active_denial_ground.jpgIt was only a matter of time, I guess. First, the Air Force builds a real-life, microwave-like pain ray. Then, it gets a company to strap that real-life, microwave-like pain ray to the back of a jet.
For years, the Air Force Research Laboratory (AFRL) has been working on a millimeter-wave beam that penetrates a 64th of an inch beneath the skin. That causes the water molecules there to bubble. And that hurts like hell; people tend to run -- fast -- in the other direction. Small wonder, then, that non-lethal weapons experts call this "Active Denial System" the "holy grail of crowd control."
Active Denial been tested on people a bunch of times. A Humvee-mounted prototype is about to start undergoing trials. And now, Active Denial is going airborne.
AFRL handed Palo Alto's Communications & Power Industries a four year, $7 million contract, according to the Hilltop Times -- the in-house paper of Hill Air Force Base.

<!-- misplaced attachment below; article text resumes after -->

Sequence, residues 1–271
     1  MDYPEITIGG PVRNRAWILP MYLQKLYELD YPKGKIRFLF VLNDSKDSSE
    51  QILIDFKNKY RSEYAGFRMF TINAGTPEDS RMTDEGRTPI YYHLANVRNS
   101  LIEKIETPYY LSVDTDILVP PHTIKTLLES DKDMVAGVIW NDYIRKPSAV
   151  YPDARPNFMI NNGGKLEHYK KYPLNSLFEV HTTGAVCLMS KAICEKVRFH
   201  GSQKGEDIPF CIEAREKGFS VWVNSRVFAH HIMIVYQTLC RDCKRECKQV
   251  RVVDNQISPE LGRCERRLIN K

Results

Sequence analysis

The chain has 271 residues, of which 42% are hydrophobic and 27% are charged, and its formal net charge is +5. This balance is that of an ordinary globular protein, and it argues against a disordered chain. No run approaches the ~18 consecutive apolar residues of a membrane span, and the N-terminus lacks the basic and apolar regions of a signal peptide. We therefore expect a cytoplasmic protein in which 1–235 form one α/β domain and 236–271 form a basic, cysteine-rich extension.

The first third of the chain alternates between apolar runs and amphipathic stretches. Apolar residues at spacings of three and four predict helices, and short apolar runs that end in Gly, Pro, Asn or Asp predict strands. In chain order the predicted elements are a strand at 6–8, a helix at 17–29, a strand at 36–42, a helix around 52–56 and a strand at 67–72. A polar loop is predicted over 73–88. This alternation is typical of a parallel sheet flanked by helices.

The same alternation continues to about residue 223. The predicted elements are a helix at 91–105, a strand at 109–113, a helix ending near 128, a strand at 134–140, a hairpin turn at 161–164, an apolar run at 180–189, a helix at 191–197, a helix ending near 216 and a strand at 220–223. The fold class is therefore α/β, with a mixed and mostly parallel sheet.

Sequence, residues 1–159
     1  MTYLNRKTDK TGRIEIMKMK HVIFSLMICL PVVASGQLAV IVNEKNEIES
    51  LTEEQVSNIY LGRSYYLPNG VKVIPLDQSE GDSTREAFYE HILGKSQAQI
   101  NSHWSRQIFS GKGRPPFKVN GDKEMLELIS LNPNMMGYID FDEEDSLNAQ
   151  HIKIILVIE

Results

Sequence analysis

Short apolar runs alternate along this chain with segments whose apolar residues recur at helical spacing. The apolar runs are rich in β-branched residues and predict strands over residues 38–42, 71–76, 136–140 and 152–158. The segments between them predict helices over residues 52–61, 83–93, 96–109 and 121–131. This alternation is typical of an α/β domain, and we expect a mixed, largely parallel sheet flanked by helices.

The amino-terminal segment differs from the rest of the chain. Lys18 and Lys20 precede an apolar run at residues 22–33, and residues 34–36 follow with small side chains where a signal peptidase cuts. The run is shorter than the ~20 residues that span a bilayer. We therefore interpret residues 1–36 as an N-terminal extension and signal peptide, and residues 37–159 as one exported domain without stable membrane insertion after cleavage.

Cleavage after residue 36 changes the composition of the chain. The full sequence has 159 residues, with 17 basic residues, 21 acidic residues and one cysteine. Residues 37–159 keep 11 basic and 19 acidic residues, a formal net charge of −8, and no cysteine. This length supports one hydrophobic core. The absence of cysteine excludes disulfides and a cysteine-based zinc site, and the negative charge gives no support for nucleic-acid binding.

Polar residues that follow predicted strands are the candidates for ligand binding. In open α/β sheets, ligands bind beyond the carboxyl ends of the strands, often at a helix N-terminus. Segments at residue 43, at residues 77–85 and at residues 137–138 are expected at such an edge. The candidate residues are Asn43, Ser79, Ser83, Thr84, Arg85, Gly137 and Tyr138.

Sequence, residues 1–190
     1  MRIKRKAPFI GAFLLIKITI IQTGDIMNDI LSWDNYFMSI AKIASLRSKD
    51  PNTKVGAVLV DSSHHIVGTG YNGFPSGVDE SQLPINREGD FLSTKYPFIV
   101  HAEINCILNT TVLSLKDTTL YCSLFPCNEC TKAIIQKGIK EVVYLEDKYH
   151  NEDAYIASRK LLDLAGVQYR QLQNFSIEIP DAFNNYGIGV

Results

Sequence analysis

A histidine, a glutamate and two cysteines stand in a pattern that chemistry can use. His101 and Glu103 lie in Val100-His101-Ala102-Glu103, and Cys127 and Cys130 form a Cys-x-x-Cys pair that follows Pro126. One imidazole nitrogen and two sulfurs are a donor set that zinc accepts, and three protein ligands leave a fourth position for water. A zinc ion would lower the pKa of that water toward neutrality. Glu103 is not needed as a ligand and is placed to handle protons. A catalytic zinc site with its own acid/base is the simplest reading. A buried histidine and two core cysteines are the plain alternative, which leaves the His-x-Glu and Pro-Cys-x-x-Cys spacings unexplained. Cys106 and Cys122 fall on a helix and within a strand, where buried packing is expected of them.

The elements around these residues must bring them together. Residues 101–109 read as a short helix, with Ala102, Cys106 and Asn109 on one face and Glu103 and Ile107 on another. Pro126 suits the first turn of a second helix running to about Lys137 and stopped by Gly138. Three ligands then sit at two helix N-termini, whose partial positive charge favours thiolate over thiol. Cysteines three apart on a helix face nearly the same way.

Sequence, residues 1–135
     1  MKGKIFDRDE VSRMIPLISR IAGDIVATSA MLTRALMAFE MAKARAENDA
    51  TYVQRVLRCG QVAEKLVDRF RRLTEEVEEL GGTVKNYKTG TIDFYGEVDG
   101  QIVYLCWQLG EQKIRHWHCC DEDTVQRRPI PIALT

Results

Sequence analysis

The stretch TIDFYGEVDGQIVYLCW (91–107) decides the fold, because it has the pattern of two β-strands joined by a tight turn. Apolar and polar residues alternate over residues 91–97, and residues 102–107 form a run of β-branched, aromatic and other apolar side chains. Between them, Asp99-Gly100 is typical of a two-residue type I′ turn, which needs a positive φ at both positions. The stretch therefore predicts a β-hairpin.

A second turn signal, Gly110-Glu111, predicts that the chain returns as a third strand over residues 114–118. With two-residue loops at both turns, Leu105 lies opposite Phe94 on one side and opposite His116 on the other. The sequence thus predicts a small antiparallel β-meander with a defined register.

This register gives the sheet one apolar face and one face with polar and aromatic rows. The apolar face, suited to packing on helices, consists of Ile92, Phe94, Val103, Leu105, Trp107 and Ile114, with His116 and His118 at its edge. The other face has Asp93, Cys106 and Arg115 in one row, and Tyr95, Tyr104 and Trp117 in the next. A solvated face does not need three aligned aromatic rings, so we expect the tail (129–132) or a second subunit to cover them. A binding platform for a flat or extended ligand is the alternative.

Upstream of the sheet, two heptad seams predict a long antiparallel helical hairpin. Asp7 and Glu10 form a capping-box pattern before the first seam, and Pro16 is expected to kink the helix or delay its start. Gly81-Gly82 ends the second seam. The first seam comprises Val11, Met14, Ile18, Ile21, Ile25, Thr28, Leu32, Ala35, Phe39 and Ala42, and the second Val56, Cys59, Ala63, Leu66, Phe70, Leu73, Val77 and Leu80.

Dr. Diana Loree, the project officer for Active Denial, said four AFRL directorates are involved in developing this airborne capability: directed energy here; propulsion and vehicles at Wright Patterson Air Force Base, Ohio; and human effectiveness at Brooks City-Base, Texas.
Experts from directed energy, as the lead directorate, focuses on the systems engineering and radiating system development, she said. Propulsion directorate experts focus on the airborne power generation and conditioning required for the radiating system. Vehicles directorate scientists and engineers put their efforts toward Active Denial's thermal management and aircraft integration issues while human effectiveness experts focus on biological effects research.

Story Continues